Falling hog prices in China suggest the country’s closure of pig farms to comply with stricter environmental regulations has not restricted supplies. While authorities report removing hundreds of thousands of hog farms during a multi-year environmental remediation campaign, at least a dozen companies launched aggressive expansion plans featuring construction of large farms with updated manure collection and treatment facilities.
The figures below, tracking weekly Chinese prices of live hogs, feeder pigs and pork carcasses from 2017 through February 2018, show a continuing trend of lower prices that began mid-2016, when hog and pork numbers bottomed out and sector recovery began. Increased domestic pork supplies last year reduced Chinese demand for imported pork products.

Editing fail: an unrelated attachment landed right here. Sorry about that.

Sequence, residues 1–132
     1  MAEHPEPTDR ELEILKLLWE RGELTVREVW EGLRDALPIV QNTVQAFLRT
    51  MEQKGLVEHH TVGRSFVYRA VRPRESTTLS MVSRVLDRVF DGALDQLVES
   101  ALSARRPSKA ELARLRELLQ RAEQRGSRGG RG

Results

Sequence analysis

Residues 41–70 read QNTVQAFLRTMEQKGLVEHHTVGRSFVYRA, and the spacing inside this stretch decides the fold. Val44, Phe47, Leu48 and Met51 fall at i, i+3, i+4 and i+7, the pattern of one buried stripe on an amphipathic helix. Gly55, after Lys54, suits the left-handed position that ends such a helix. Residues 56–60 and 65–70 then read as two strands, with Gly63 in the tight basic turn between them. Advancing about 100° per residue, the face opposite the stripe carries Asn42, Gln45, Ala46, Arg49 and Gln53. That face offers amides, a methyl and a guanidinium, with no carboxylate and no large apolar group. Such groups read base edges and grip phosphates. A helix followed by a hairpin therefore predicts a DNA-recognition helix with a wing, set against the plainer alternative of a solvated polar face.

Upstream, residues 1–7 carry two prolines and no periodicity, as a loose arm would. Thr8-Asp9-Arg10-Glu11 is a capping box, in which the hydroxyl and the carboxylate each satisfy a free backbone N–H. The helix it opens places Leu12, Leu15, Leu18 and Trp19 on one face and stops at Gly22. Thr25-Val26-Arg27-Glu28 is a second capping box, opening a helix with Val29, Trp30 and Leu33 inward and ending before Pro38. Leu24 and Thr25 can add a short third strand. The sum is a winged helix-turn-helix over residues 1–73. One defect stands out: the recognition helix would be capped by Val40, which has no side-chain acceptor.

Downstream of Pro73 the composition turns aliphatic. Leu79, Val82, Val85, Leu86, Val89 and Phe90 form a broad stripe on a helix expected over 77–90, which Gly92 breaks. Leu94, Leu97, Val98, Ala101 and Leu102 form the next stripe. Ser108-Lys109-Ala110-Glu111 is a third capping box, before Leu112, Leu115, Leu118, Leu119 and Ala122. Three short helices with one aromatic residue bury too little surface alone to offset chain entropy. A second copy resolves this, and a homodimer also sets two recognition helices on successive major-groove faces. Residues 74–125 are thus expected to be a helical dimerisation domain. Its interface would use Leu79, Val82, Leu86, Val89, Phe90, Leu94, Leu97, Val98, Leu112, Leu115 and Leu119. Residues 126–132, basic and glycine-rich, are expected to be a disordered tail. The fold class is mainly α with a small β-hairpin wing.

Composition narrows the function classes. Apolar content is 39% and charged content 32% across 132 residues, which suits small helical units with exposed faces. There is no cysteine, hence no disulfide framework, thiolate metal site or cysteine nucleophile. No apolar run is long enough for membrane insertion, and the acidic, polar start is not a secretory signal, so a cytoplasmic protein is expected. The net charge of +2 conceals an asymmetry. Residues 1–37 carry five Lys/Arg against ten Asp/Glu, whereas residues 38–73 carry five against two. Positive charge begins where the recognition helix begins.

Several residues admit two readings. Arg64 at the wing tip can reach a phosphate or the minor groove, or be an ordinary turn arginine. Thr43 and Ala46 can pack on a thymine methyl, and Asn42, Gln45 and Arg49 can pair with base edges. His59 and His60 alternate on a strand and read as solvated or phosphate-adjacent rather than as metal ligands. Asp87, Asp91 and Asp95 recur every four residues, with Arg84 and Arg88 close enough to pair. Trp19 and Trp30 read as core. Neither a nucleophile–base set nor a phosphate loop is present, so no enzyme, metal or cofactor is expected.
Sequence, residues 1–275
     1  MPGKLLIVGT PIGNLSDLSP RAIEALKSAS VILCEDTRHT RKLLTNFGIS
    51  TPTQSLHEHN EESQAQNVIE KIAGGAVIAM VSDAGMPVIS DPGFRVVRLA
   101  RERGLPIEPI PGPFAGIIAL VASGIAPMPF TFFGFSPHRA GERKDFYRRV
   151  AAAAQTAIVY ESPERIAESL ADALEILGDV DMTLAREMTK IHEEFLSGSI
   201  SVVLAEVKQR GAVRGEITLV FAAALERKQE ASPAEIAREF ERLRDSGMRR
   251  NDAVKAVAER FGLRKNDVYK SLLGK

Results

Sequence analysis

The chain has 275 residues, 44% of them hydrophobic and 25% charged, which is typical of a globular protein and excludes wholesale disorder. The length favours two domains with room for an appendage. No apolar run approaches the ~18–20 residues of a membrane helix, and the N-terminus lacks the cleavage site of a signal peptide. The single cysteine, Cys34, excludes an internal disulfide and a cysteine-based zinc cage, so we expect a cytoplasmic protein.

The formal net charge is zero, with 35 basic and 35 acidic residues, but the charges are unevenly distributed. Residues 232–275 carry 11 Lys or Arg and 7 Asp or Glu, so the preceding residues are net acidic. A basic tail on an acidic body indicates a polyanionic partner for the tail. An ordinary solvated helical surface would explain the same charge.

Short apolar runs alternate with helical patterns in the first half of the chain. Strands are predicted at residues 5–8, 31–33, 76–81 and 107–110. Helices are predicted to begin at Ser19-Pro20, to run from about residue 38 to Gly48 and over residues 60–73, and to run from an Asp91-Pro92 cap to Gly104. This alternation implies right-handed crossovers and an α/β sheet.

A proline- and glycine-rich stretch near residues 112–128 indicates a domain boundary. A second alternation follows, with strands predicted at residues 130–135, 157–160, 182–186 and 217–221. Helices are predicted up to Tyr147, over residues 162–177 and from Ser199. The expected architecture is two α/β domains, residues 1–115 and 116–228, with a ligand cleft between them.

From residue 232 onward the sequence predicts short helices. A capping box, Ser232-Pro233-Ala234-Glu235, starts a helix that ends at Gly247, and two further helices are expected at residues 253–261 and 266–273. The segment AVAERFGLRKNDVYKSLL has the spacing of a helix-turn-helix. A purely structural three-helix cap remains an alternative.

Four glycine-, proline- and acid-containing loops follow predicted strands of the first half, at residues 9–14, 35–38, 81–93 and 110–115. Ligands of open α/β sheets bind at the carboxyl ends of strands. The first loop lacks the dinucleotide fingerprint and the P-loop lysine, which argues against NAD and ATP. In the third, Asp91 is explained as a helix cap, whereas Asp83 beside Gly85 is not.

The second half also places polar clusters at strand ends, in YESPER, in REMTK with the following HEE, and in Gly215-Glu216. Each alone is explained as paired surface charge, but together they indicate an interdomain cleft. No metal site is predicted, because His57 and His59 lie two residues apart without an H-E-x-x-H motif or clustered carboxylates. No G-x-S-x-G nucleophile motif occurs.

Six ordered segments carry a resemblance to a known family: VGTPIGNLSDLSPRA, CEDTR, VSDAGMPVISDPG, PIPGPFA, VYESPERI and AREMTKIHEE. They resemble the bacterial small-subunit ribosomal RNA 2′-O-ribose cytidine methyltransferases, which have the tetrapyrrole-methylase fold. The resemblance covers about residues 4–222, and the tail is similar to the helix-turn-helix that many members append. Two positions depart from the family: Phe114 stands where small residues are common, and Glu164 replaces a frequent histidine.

World Trade Atlas data indicate that Chinese pork imports last year, at 1.2 million MT, were almost 9 percent lower than imports in 2016. While import data for January 2018 shows a moderate year-over-year increase, China’s 2018 imports are expected to be about 3 percent below 2017 levels. USDA’s Foreign Agricultural Service will update 2018 foreign production and trade forecasts in Livestock and Poultry: World Markets and Trade, on April 12, 2018.
The table below summarizes countries of origin for China’s 2017 pork imports. The European Union accounted for the largest share of Chinese imports last year—65.2 percent—with Canada and the United States each accounting for about 14 percent. More than 71 percent of China’s January 2018 pork imports were attributable to the EU. Phytosanitary issues, trade-servicing, and aggressive marketing are among the factors most often cited to explain Europe’s dominant share of Chinese pork imports.
Editor's Note: Mildred Haley is a researcher with the U.S. Department of Agriculture's Agricultural Research Service. She coordinates the Livestock, Dairy and Poultry Outlook report.